About Secrets of Paris

Created in 1999, the Secrets of Paris is the oldest independent and locally-owned website about Paris in English, for both visitors and residents. Discover what you've been missing:

* Free Resource Guide
* Calendar of interesting Paris events 
* Monthly Secrets of Paris newsletter
* Secrets of Paris Tours & Travel Planning

Read more about the Secrets of Paris here





Calendar of Paris Events

October 21-30 A bit like a smaller, cozier version of the Foire de Paris, the Foire d'Automne at the Paris Expo Porte de Versailles is a trade show of food and wine, home decor, beauty and fashion, and all French arts de vivre. Open 10am-7pm, entry €9. 

October 27-29
The last big electronic music festival of the year, the Pitchfork Festival, takes place over three days at the Grande Halle de la Villette (Parc de la Villette, 19th). One-day passes €54,  three-day passes €120.

October 28 - November 1
Stuff yourself with all kinds of chocolately goodies at the annual Salon du Chocolat, at the Paris-Expo - Porte de Versailles (metro line 12), 10am-7pm. Entrance €14. You can get advance tickets online or ask at your favorite chocolate shop if they have any extra invitations. Avoid the weekend unless you're a masochist! Here are some Salon du Chocolat tips from a previous article by Secrets of Paris intern Tara Oakes. 

Click here to see the full calendar of events...

Secrets of Paris gives 10% of all tour fees to the French food bank, Les Restos du Coeur

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Le Pamphlet
38 rue Debelleyme, 3rd
Mº Filles du Calvaire, St-Sébastien Froissart
Tél 01 42 72 39 24

Review by Camille Malmquist

Dining at Chef Alain Carrère’s upscale bistro Le Pamphlet is a study in contrasts. The rustic-modern dining room is comfortable (handy coathooks in the rough stone wall next to every table) yet refined (off-white tablecloths, the exposed beams in the ceiling painted a sleek gray). The service is formal (crumber between courses) yet relaxed (blue jean-clad hostess). The food is divine and beautifully presented, though the American tourists at the next table may embarrass the hell out of you.

Clearly, this place sees more than its share of English-speaking clientele, as evidenced by the staff’s insistence on speaking English to me and my husband, despite the fact that we clearly understood the menu and only spoke French to them. And then there was the neighboring table. Fortunately, the tables at Le Pamphlet are good-sized and spaced reasonably far apart, especially by Paris standards.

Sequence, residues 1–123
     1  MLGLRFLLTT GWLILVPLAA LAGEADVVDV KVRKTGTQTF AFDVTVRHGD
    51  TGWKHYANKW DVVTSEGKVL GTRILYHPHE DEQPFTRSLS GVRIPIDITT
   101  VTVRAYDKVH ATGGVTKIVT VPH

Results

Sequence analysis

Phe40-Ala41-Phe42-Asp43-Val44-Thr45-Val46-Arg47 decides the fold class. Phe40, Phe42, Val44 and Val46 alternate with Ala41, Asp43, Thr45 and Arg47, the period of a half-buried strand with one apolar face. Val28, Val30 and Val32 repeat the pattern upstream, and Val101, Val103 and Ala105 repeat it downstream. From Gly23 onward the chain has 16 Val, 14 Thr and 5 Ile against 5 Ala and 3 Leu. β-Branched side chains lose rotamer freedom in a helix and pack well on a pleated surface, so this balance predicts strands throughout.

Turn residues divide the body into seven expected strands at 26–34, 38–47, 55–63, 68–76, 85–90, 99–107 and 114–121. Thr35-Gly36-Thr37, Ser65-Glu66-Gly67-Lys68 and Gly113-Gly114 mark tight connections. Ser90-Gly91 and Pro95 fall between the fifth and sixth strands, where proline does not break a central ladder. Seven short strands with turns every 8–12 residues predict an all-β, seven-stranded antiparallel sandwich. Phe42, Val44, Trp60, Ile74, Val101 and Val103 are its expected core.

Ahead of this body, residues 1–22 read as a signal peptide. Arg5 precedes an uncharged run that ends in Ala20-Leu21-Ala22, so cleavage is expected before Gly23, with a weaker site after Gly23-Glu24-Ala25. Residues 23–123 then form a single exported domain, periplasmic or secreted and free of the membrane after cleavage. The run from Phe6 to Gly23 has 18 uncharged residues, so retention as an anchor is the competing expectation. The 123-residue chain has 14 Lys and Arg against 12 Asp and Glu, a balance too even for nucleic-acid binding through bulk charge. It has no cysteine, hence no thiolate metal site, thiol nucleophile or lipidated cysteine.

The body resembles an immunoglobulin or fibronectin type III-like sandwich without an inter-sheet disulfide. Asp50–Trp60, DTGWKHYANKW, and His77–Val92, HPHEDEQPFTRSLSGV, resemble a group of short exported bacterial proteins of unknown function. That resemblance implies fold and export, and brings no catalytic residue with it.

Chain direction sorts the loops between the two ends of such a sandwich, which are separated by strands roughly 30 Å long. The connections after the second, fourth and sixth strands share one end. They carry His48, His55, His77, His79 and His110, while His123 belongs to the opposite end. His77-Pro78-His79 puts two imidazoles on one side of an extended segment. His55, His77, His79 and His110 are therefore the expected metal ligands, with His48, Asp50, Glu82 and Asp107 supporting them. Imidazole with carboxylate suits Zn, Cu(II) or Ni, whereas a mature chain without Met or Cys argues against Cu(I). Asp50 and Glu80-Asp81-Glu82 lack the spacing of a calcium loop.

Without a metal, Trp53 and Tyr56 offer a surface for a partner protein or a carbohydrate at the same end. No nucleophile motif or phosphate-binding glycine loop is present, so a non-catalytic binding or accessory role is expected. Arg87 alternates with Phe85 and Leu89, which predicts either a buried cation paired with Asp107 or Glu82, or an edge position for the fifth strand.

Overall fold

Unfortunately, we were still close enough to witness a huffy teenage girl flip the luscious-looking piece of foie gras from atop her steak Rossini to the side before disgustedly dropping it onto her mother’s plate, then pulling out her iPod and headphones while waiting for her meat to be re-cooked. I hope guests like this are the exception rather than the rule, because the food here deserves much closer attention.

Beginning with the amuse, a full-flavored wild mushroom soup, the market-driven cooking is a feast of seasonal flavors. Our starters, marinated shrimp with avocado cream for my husband, eggs four ways with ham-wrapped asparagus for me, were presented on elegant rectangular plates and tasted even better than they looked. Both of our main courses (one rack of lamb, one veal flank) were cooked to perfection and dressed with umami-ful sauces that could only have been made with real, long-simmered veal demiglace. For dessert, my husband opted for the pistachio mille-feuille with cherries, while I chose the poached pear in warm chocolate sauce with vanilla ice cream – a deconstructed Poire Belle Hélène of sorts – and the temperature and texture contrasts made an ideal finish to this almost-spring meal.

All of these were options on the €35, 3-course menu, which is a fantastic deal, especially considering the quality of the food and the casual elegance of the dining room. An à la carte dinner here would probably run around €60. We toyed with the idea of going all out and getting the €65, 6-course tasting menu, but decided that might best be saved for a weekend night. I’m sure that it is nothing short of a culinary masterpiece, if the artfully balanced, fresh, seasonal cuisine I enjoyed on Wednesday night is any indication.

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